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Olympic Park power cable tunnels delayed

THE TUNNEL boring machine (TBM) breakthrough for a cable tunnel for the London Olympic Park has been delayed by severe water ingress into a 10m diameter, 26m deep shaft that will carry power cables into an electricity sub-station in Hackney.

Contractor Murphy had dug down to 16m when it hit a high pressure aquifer. As a result, a secant piled wall around the shaft must be built for the final 10m to prevent water ooding the tunnel.

The emergence of the water ingress into the shaft - part of a scheme to underground cables - came after tunnelling work was suspended for ve weeks in February and March after the discovery of chemicals naphthalene and benzene following a breach in the overlaying ground (GE April).

The Olympic Delivery Authority (ODA) said extra work would not delay the final project as mechanical and electrical contractors could start their work on the rest of the tunnel.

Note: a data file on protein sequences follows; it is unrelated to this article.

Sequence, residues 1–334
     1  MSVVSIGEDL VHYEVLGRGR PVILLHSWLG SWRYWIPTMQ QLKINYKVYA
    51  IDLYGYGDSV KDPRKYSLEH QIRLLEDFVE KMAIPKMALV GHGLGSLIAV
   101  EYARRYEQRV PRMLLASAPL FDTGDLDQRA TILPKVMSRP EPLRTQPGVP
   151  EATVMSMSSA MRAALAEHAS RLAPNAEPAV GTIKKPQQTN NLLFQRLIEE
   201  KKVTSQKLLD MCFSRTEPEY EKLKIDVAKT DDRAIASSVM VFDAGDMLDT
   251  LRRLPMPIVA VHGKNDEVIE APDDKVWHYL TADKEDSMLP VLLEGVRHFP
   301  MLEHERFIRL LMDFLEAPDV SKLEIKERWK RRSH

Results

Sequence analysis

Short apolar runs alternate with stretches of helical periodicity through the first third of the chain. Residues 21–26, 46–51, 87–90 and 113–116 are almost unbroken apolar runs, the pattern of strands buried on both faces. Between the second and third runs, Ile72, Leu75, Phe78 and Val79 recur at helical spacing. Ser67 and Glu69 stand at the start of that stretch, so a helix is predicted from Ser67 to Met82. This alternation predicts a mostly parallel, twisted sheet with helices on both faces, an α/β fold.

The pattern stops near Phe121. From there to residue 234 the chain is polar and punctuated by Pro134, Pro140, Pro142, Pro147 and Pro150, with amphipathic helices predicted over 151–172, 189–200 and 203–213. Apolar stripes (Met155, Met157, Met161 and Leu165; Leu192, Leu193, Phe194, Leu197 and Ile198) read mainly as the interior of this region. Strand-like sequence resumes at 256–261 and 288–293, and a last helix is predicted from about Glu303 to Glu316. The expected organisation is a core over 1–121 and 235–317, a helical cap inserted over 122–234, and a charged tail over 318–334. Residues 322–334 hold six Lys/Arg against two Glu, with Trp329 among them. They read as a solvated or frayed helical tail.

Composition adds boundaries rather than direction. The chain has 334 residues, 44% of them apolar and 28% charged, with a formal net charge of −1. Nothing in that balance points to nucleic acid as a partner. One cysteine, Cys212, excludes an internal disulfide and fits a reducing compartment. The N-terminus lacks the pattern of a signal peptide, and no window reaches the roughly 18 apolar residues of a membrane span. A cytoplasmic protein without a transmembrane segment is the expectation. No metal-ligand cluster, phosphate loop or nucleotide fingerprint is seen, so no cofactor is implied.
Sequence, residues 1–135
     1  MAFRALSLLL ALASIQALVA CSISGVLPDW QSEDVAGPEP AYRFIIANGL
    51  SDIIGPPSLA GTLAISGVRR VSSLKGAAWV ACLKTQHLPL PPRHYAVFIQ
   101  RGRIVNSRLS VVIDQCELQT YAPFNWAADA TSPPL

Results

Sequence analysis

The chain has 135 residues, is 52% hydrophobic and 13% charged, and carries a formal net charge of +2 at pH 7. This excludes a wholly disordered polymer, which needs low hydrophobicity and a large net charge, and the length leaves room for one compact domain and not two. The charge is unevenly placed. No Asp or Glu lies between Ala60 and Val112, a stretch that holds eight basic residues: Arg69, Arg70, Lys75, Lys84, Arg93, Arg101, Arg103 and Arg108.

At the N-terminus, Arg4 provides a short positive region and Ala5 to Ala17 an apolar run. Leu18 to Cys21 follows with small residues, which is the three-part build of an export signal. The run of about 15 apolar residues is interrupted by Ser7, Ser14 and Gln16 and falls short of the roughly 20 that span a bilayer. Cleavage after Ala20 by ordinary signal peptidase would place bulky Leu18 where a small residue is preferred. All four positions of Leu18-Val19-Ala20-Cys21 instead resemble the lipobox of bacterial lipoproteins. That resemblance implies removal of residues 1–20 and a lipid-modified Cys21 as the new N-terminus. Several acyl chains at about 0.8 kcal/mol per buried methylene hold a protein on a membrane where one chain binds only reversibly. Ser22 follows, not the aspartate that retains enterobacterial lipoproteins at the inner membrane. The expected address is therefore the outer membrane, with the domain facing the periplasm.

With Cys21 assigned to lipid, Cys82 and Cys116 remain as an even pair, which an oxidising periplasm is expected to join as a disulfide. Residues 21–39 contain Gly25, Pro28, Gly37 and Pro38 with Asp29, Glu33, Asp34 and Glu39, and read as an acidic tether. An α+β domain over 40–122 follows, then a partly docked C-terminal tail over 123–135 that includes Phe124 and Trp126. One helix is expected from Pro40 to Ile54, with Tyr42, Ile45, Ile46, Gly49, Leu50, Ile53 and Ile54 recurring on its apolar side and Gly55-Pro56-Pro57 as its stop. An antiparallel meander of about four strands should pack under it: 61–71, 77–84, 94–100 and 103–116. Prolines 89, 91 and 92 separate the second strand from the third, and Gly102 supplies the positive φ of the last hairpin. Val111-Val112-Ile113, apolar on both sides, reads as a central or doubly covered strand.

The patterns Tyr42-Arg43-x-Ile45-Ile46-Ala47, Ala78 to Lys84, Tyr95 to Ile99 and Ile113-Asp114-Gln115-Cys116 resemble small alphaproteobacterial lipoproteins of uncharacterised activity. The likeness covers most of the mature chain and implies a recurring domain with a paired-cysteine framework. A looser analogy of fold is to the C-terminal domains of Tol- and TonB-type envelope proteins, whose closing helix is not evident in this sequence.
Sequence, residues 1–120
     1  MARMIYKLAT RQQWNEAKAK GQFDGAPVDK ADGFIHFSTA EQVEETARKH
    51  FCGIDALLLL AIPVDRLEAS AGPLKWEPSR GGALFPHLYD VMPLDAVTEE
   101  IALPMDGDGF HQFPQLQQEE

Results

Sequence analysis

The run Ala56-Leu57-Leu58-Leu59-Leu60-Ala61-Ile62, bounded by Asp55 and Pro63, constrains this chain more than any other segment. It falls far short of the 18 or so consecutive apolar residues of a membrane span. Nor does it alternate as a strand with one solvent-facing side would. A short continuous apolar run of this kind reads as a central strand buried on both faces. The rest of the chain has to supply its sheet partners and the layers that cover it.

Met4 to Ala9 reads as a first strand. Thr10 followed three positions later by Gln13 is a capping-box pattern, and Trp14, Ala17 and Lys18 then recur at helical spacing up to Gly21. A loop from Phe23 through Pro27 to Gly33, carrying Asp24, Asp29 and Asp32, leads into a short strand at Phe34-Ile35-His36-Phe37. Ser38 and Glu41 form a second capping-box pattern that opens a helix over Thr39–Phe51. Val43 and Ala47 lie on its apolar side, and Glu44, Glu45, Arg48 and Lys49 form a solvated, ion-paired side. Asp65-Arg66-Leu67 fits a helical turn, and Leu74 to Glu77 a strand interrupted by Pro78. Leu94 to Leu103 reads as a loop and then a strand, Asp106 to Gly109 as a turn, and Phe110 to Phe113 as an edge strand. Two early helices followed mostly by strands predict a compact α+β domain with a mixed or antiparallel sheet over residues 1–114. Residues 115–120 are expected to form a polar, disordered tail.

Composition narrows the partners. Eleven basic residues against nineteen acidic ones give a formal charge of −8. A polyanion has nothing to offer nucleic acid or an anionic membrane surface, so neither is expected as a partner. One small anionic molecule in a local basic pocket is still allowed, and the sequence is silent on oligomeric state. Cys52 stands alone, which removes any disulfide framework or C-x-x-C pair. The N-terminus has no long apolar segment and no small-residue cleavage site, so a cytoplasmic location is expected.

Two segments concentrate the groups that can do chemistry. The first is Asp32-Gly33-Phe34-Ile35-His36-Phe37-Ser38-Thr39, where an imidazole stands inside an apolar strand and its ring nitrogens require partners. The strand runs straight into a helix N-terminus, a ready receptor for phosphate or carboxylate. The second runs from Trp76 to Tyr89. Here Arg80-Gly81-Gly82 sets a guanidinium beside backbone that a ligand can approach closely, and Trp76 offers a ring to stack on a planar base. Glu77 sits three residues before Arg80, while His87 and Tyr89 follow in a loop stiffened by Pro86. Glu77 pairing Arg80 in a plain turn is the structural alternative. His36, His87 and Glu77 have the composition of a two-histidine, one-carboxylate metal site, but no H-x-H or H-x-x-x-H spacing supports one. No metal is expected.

'The water ingress and substances encountered in overlying grounds are issues that are known to be encountered during this kind of operation, and didn't have a signicant impact on the progress of work, ' an ODA spokesman told GE.

He added that TBMs on two of the four tunnels had broken through.

The other two would break through by early summer in time for the tunnels to be lined later in the year.

ODA chief executive David Higgins said the tunnels would be operational by summer 2008.

Higgins was speaking at the launch of 10 key milestones - to be completed by the end of the Beijing Olympics in summer 2008 - which include the cable tunnels.

'These milestones are tough targets, but when we welcome the Olympic Flag to London in 2008 I am con dent we will hit every one, ' he said, adding that the ODA had entered into a period called Demolish, Dig, Design.

The four tunnels, each 3km long and up to 30m deep, will allow the removal of 52 pylons on the Olympic Park site.

Contractor Murphy said the operation had been challenging due to the variable ground conditions, which meant it had to use additives to stabilise the ground.

'The geology has been extremely variable. It quickly moves from hard clays to very, very soft silts and muds, and we have been working under three bar pressure for most of the drive, ' a spokesman said.

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